Arizona State Senate bill to make school excused absences include mental health days

Arizona students are getting some mental health relief during their pandemic homeschooling.

Mental health days are now included as excused absences for kindergarten to high school students, according to SB1444,  a bill sponsored by State Sen. Sean Bowie and passed by the Arizona State Senate and House minority and majority Caucus.

“An absence for a mental health reason is the same as an absence for any other reason that is currently outlined in law,” Bowie said.

Mental Health Days

Missing school does not objectively seem to be the best way for helping a student. However, when used properly, a mental health day can be highly beneficial. Taking a day to relax allows a “recharge” when feeling overwhelmed by classes and a chance to re-evaluate a situation. The days off also decrease the taboo and often stigmatized subject of mental health. “Social stigma and discrimination can make mental health problems worse and stop a person from getting the help they need,” said

Children and Teenagers

Mental health has been an arising problem amongst young individuals. Between 2007 and 2012, anxiety amongst kids and teens has risen, according to the National Institutes of Health. In Arizona, depression amongst high schoolers in 2017 was 36 percent, higher than the national average of 31 percent. Overall, Arizona remains in 28th place for national mental health care.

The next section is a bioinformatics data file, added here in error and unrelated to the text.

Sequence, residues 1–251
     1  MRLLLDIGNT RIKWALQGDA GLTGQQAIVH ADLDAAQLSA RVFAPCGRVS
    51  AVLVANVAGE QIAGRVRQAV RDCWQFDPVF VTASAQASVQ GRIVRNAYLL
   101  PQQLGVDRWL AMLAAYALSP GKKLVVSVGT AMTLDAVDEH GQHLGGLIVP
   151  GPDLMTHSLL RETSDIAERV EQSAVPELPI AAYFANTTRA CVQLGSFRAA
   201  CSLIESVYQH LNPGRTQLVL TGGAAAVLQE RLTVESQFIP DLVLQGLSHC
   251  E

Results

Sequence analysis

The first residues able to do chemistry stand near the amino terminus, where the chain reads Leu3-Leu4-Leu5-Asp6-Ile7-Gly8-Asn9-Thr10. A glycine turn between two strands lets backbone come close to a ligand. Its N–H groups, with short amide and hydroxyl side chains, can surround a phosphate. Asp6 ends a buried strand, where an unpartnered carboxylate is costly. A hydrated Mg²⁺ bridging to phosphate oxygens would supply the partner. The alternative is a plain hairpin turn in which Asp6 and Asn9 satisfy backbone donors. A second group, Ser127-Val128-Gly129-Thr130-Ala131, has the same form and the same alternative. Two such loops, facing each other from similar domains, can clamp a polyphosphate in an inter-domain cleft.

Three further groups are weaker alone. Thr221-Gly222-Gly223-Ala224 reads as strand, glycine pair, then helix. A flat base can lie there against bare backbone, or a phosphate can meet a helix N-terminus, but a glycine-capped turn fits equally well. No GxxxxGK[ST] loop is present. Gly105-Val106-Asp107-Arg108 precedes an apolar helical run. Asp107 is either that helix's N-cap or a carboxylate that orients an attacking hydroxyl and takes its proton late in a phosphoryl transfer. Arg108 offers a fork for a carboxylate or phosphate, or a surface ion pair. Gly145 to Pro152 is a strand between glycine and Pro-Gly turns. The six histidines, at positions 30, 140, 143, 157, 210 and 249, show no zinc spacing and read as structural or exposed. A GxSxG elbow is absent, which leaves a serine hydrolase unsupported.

As children and teens are stuck inside for school and the little resources are taken, stress can be heightened.

“To a kid, it feels like they are being punished,” a local radio host said when discussing the subject.

It is important for parents to pay attention to any signs of stress a child may exhibit.

Affecting Quarantine

Passed during Arizona’s stay-at-home order, the bill could not have as much effect. Going to school serves as a barrier between work and home life. As families stay at home, school life merges with home.

Escaping from the stressors of school can be difficult when already in a place that is meant to be a safe place. Productivity can also worsen for students already depressed and forced into online classes, which takes a certain level of commitment and self-discipline.

However, established routines are very important when a structure has been shaken for students and parents alike.

“Lay down a schedule. It doesn’t have to be hour-by-hour but have something so everyone in the house has a concept of what they’re doing,” Ashlea Taylor, an Arizona family therapist, said. Designated workspaces ease the transition between work and home. Furthermore, workspaces allow the mind to focus on the task at hand easier and give a sense of escape when not there.

Getting Help

Nobody could have predicted the effects of coronavirus, so everyone will feel somewhat uneasy. Schools may be closed for students, but the resources are still available including aid for mental health. At Glendale Community College, for example, counseling sessions are still available by appointment. If school counseling is not an option, many digital alternatives exist. A good way to stay healthy physically is to stay safe mentally too.